Letters on art and science

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G. Allen, 1880 - Architecture
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Page 93 - Not for the world : why, man, she is mine own ; And I as rich in having such a jewel, As twenty seas, if all their sand were pearl, The water nectar, and the rocks pure gold.
Page 264 - The Danube to the Severn gave The darken'd heart that beat no more; They laid him by the pleasant shore, And in the hearing of the wave. There twice a day the Severn fills; The salt sea-water passes by, And hushes half the babbling Wye, And makes a silence in the hills.
Page 187 - We desire (A) to make art large and publicly beneficial, instead of small and privately engrossed or secluded; '(B) to make art fixed instead of portable, associating it with local character and historical memory; (C) to make art expressive instead of curious, valuable for its suggestions and teachings, more than for the mode of its manufacture. " II. The second great principle of the Gothic Revivalists is that all art employed in decoration should be informative, conveying truthful statements about...
Page 36 - One impulse from a vernal wood May teach you more of man, Of moral evil and of good, Than all the sages can. Sweet is the lore which Nature brings; Our meddling intellect Misshapes the beauteous forms of things: — We murder to dissect. Enough of Science and of Art; Close up those barren leaves; Come forth, and bring with you a heart That watches and receives.
Page 30 - The point of one white star is quivering still Deep in the orange light of widening morn Beyond the purple mountains : through a chasm Of wind-divided mist the darker lake Reflects it. Now it wanes : it gleams again As the waves fade, and as the burning threads Of woven cloud unravel in pale air. 'Tis lost ! and through yon peaks of cloud-like snow The roseate sunlight quivers.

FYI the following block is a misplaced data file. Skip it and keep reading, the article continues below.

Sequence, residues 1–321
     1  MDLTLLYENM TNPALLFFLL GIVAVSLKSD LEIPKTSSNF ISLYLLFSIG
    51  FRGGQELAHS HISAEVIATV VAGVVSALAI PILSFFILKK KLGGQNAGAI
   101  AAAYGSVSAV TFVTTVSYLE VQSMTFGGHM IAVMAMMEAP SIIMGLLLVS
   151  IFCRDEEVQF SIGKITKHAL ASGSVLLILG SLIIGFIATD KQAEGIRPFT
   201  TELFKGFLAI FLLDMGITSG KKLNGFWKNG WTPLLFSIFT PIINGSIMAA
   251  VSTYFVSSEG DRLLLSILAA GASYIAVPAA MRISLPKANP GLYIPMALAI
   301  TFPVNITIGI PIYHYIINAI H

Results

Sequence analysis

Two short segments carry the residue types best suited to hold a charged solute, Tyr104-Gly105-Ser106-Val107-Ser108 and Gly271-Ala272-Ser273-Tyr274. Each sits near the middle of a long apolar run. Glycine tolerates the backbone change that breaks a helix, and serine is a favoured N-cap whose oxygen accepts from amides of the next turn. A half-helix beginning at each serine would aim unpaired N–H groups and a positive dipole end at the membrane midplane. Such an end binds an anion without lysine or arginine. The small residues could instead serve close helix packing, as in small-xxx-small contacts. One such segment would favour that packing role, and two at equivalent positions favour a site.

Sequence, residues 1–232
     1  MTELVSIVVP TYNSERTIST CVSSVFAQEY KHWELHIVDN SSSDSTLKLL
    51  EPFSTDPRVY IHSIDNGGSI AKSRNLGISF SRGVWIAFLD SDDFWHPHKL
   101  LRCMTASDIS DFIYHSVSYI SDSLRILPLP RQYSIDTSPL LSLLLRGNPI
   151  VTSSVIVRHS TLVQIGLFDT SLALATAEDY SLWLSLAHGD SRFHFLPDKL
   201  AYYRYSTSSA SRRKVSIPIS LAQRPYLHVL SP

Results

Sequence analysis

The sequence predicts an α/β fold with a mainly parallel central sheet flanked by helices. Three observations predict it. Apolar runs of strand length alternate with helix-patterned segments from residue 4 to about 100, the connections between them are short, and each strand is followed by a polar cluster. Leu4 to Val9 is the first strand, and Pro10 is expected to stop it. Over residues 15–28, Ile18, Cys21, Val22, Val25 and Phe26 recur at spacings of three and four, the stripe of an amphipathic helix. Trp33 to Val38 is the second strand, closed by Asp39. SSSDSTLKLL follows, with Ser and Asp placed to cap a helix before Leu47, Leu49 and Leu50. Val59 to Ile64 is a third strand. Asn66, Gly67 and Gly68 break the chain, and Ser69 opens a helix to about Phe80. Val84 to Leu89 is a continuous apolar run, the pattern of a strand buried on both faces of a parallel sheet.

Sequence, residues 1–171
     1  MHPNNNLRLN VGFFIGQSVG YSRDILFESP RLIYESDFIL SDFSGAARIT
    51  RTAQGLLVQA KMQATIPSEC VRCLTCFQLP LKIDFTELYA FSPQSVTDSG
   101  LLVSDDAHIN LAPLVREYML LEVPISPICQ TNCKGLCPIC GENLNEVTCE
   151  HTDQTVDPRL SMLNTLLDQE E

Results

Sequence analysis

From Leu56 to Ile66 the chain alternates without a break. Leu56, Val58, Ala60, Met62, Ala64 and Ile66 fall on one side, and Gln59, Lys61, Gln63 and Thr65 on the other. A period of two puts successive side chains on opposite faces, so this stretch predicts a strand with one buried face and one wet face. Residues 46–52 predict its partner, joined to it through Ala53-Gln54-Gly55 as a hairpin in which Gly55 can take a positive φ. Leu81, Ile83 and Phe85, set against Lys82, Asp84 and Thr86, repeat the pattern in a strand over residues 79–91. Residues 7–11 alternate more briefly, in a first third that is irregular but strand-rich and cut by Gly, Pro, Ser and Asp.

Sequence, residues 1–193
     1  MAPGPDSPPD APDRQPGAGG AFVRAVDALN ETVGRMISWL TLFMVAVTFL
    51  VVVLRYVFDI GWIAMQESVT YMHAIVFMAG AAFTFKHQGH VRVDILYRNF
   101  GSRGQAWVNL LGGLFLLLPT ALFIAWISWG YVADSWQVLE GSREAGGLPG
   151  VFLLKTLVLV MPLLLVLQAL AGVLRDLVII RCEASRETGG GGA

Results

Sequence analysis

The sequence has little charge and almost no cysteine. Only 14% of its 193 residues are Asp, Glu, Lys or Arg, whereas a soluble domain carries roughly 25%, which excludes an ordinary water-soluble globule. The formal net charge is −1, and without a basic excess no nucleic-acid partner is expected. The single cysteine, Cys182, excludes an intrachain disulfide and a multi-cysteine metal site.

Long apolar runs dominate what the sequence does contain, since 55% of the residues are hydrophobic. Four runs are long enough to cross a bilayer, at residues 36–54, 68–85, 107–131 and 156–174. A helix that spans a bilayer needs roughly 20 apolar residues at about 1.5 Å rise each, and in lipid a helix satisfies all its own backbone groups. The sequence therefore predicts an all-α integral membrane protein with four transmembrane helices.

Page 86 - And one shall say unto him, What are these wounds in thine hands ? Then he shall answer, Those with which I was wounded in the house of my friends.
Page 231 - I have had indirect influence on nearly every cheap villa builder between [0enmark Hill] and Bromley; and there is scarcely a public house near the Crystal Palace but sells its gin and bitters under pseudo-Venetian capitals copied from the Church of the Madonna of Health or of Miracles.
Page 99 - On the left-hand side of the picture is seen this door of the human soul. It is fast barred : its bars and nails are rusty ; it is knitted and bound to its stanchions by creeping tendrils of ivy, showing that it has never been opened. A bat hovers about it ; its threshold is overgrown with brambles, nettles, and fruitless com — the wild grass "whereof the mower filleth not his hand, nor he that bindeth the sheaves his bosom.
Page 12 - Thus it happened that this work was an object of so much admiration to the people of that day—they having then never seen anything better— that it was carried in solemn procession, with the sound of trumpets and other festal demonstrations, from the house of Cimabue to the church, he himself being highly rewarded and honoured for it.
Page 182 - Perhaps in writing to you what seems to me to be the bearing of matters respecting your Museum, I may be answering a few of the doubts of others, as well as fears of your own. " I am quite sure that when' you first used your influence to advocate the claims of a Gothic design, you did so under the conviction...

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